October 12, 2009

Temple Visits in Orissa

Filed under: Economics,Leisure,Orissa,Religion — loggers @ 12:52 am

To complete our visit to Orissa, we dedicated a day to visiting the Konark ruins and the Jagannath temple. The ruins of Konark, one of the 4 sun temples in India, are located ~65km outside of Bhubaneshwar on the road to Puri. While a guide is helpful for explaining the history behind the construction/destruction of the temple, this information can also be found easily on Wikipedia. What we found fascinating were the intricate, and graphic, carvings on the temple walls.

The Konark temple ruin

The Konark temple ruin

The enormous wheels that border the temple were geometrically designed as timetables- depicting what people should be doing at different times of the day under social norms. Most of the other 100’s of carvings on the walls had one defining feature in common- they were all depiction of the kama sutra. A barrage of positions will keep you engaged as you stroll around the main structure, and a guide would be able to provide interesting insight as some may be difficult to decipher. The morning, mid-day, and evening sun gods overlook the grounds, and each is given the spotlight during his respective hour while you find the others in the shade. The geometrical precision and cultural boldness in the carvings make for an eye-opening spiritual/historical experience.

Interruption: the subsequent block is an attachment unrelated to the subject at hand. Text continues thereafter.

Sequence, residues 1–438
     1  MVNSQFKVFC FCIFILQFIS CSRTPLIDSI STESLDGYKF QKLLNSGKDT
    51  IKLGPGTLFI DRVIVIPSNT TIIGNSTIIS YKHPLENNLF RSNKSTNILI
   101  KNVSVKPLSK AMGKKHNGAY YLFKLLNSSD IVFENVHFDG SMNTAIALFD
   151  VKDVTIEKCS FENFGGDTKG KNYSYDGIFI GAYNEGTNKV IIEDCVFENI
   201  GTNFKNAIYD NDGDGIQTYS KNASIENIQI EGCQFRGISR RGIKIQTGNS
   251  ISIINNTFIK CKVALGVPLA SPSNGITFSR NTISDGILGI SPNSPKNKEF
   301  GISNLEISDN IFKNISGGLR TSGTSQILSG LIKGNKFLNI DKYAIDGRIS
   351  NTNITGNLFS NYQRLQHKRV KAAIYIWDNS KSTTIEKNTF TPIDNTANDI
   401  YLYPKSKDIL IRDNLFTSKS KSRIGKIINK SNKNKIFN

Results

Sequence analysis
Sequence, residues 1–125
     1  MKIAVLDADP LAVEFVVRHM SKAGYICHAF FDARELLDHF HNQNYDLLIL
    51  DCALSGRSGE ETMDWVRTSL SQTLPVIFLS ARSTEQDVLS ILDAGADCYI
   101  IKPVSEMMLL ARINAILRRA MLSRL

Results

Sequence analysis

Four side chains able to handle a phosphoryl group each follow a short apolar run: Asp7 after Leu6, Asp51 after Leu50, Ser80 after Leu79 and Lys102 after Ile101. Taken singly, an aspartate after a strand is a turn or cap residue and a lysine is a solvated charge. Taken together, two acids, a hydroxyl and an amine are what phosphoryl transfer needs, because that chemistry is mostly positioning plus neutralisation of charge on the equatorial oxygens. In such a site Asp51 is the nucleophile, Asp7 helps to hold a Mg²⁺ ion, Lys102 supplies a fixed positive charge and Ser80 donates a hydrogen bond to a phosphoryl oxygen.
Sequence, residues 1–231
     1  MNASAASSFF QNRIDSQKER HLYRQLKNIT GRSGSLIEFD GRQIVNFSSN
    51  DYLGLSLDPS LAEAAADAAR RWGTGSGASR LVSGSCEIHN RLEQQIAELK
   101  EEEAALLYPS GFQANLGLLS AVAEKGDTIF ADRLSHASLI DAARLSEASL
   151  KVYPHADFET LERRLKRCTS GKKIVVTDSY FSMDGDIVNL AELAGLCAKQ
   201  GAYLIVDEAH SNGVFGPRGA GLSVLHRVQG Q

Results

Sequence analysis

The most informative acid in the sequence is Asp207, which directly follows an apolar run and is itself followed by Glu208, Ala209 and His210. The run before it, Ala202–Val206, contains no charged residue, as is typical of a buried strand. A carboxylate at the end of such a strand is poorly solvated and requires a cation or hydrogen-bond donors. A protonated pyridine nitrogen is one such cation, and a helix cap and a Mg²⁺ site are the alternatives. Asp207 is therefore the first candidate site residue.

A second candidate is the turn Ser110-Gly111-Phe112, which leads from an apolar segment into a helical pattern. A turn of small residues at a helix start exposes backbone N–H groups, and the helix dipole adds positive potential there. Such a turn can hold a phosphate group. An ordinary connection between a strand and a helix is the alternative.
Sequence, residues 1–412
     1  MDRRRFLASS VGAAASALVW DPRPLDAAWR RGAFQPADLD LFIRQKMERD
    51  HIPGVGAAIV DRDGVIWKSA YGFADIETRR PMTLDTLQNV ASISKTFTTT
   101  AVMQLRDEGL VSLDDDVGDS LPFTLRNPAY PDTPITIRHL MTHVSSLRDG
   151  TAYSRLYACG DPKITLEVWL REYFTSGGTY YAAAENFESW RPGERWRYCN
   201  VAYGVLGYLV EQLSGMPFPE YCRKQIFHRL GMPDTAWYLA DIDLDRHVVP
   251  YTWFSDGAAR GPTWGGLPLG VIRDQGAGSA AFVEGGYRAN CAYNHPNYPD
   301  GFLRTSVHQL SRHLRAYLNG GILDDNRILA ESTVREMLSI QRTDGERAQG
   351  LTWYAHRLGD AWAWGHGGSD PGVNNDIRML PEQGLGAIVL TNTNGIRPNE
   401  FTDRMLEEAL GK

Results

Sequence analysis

Timetable wheel in the midday shadow

Konark wheel in midday shadow



The Jagannath temple, located in the city of Puri[1], is more aligned with what we are used to seeing in Hindu places of worship. We left our cameras and phones in the car, because photography is prohibited, and headed up the 2km road to the temple on rickshaws. The shrewd locals have capitalized on this being one of the most popular religious destinations in the world, erecting dharamsalas lining both sides of the road. Later that evening, the city market was buzzing with a peculiar energy. Fish vendors, local pujas, rickshaw wallahs and snack stalls were all in action, while an old-fashioned cremation was taking place just off the road. Everyone was spending money in some way or another and contributing to the unofficial “C” that is not reflected in India’s GDP. This sparked thoughts on the suffocating grip that religion holds over the Indian economy…

What would happen if a Prime Minister ever announced that s/he was an atheist?

Can the number of religious holidays/occasions ever be curbed in the interest of productivity?

What is the country’s ratio of temples to schools or hospitals?

…Just food for thought

Puri beach- the Goa of the East

Puri- the Goa of East India

[1] Puri is also home to one of India’s cleanest beaches (comparable to Goa), where dolphins are occasionally spotted.


1 Comment »

  1. since you have used word hub ,but i think that kanyakumari-suchidram belt in Tamilnadu is the greatest temple hub of this country . i had just calculated ,a journalistic exercise, that temple , i mean religious places are biggest industry and economy of our country .they also provide empoloyment to roughly 10 crore people . there turnover is around 10000 carore .

    you people must visit greatest place of faith industry tirupati – kanyakumari – rameshwaram . all are overnight journy by train . by the way if you go to rameshwaram ,then go to karaikudi’s places . a traders community village . go to net for karaikudi or chettinad .you are larning fast abt our country .

    Comment by JUGNU SHARDEYA — October 12, 2009 @ 9:50 am | Reply

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